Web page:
This report presents the results of a rapid, low-cost survey that collects labor market data for individuals in the United States. The Yale Labor Survey (YLS) used an online panel from YouGov to replicate statistics from the Current Population Survey (CPS), the government’s source of household labor market statistics. The YLS’s advantages include its timeliness, low cost, and ability to develop new questions quickly to study labor market patterns during the coronavirus (COVID-19) pandemic. Although YLS estimates of unemployment and participation rates mirrored the broad trends in CPS ...
Current Policy Perspectives

Report
The emerging market economies in times of taper-talk and actual tapering

The emerging market economies (EME) experienced financial distress during two recent periods, both linked to the prospect of the Federal Reserve starting to slow its asset purchases. This policy change was expected to reverse the capital flows directed to the EME. Despite this aggregate effect, a closer analysis shows that there were significant differences across the EME during the time when talk of the upcoming taper began and the period when the policy was implemented. The author makes use of the literature on currency crises to analyze the different cross-country responses and to identify ...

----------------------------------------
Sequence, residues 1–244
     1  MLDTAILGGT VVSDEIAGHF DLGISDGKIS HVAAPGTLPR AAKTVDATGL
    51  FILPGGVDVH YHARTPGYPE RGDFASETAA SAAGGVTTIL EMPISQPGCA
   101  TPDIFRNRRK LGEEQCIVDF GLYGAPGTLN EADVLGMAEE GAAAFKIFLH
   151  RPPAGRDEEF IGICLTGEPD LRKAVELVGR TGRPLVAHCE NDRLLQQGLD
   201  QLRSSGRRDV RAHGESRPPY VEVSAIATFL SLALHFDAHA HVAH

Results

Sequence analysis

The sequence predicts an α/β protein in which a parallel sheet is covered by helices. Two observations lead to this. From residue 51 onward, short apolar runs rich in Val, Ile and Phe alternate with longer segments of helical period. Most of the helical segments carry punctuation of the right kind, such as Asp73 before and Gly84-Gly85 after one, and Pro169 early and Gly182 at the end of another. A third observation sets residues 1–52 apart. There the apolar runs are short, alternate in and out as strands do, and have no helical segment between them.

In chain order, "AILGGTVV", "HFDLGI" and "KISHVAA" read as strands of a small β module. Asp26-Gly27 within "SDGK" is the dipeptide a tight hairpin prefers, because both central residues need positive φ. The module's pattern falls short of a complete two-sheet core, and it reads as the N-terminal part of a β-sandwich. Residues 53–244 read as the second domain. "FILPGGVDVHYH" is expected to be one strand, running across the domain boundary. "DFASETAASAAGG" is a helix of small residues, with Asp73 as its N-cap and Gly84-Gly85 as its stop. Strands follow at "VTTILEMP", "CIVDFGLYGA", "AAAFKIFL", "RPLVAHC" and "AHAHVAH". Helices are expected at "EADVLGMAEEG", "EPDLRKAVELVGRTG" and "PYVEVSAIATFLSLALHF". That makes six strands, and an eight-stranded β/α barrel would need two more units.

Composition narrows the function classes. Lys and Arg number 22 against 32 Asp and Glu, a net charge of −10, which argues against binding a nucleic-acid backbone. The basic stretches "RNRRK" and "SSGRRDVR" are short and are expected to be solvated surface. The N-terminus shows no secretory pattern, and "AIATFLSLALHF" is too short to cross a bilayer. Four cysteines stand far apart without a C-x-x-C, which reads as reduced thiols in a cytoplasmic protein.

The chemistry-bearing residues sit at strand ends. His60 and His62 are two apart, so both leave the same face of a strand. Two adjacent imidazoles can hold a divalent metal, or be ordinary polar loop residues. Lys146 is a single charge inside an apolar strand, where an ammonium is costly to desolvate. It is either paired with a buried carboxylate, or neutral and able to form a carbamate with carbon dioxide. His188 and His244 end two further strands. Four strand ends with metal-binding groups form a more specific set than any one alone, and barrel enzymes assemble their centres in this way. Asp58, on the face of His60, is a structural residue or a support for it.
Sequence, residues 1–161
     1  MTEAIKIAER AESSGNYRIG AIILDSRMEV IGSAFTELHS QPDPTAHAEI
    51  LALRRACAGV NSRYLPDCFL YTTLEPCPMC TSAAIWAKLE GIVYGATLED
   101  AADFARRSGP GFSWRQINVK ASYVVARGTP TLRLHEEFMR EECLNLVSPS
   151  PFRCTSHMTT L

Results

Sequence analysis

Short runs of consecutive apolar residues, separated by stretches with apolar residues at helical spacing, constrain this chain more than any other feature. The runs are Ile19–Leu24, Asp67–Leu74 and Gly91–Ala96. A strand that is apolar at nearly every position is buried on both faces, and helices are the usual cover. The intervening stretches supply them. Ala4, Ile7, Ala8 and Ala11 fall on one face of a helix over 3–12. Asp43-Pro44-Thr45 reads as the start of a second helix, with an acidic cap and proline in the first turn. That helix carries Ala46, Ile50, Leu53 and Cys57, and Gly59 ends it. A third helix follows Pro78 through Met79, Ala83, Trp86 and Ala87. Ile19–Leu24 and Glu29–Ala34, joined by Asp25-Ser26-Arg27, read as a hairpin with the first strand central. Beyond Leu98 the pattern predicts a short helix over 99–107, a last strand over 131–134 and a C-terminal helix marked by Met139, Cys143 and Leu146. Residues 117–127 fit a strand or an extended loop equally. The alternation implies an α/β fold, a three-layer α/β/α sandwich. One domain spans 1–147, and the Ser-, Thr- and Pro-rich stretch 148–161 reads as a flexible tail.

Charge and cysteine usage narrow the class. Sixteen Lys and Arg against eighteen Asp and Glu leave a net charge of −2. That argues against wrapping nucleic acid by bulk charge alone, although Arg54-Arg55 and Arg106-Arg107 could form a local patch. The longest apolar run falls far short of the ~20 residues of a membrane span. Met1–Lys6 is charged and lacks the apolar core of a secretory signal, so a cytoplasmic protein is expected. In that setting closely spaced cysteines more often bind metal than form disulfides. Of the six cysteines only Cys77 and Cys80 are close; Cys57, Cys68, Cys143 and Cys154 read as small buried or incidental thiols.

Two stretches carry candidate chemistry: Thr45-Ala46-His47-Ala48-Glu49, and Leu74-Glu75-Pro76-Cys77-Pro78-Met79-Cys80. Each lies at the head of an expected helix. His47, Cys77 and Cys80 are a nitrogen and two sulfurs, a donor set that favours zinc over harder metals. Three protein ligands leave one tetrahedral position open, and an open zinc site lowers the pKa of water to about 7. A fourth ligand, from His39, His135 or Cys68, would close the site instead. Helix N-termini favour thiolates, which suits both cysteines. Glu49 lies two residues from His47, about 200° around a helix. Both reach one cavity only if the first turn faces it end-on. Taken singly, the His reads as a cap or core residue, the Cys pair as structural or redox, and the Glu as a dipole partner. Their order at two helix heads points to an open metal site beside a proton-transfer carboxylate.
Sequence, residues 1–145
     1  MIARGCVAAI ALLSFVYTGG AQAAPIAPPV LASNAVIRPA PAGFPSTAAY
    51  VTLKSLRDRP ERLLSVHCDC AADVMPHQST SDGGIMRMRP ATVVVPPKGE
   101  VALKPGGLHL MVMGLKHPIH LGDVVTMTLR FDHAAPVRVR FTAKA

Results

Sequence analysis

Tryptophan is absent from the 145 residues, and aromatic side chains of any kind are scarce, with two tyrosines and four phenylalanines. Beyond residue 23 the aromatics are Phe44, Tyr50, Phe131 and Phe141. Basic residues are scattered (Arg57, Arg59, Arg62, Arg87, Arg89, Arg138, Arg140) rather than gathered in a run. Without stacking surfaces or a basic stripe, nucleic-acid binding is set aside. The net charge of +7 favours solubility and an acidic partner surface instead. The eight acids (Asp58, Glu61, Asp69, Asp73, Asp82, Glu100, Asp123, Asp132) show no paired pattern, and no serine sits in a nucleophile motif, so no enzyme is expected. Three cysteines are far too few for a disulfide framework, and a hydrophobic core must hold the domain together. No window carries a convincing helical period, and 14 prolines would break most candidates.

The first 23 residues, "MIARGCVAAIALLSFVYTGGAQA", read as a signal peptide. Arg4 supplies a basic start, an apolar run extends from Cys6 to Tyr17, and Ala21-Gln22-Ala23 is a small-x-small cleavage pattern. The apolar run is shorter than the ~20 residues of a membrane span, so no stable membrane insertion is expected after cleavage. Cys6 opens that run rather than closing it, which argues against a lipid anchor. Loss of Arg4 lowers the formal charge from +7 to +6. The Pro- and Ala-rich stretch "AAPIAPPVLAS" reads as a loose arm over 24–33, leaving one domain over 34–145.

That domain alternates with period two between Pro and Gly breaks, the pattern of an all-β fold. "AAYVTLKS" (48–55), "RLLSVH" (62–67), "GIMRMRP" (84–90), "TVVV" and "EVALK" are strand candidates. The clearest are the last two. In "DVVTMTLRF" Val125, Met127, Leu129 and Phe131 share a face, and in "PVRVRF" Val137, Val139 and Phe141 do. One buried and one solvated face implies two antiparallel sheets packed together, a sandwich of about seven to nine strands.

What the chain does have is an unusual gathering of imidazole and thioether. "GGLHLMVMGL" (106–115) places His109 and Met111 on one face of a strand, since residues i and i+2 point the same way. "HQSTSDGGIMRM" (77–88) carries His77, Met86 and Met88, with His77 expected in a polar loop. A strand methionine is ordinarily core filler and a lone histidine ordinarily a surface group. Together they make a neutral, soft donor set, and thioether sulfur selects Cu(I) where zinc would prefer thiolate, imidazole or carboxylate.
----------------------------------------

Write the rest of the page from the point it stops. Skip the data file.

Current Policy Perspectives , Paper 14-6

Report
Technology, the nature of information, and fintech marketplace lending

The retail lending landscape has changed considerably over the past two decades, the most recent example being the rapid growth of online, or FinTech, lending to consumers and small businesses. This paper discusses how the boundary of the firm in the retail lending market is affected by advances in information technology that have turned what was previously soft information on borrower credit risk into encoded hard data that can be precisely transmitted across firms at a very low cost. The ability to collect and process information has become the critical resource for lending decisions, ...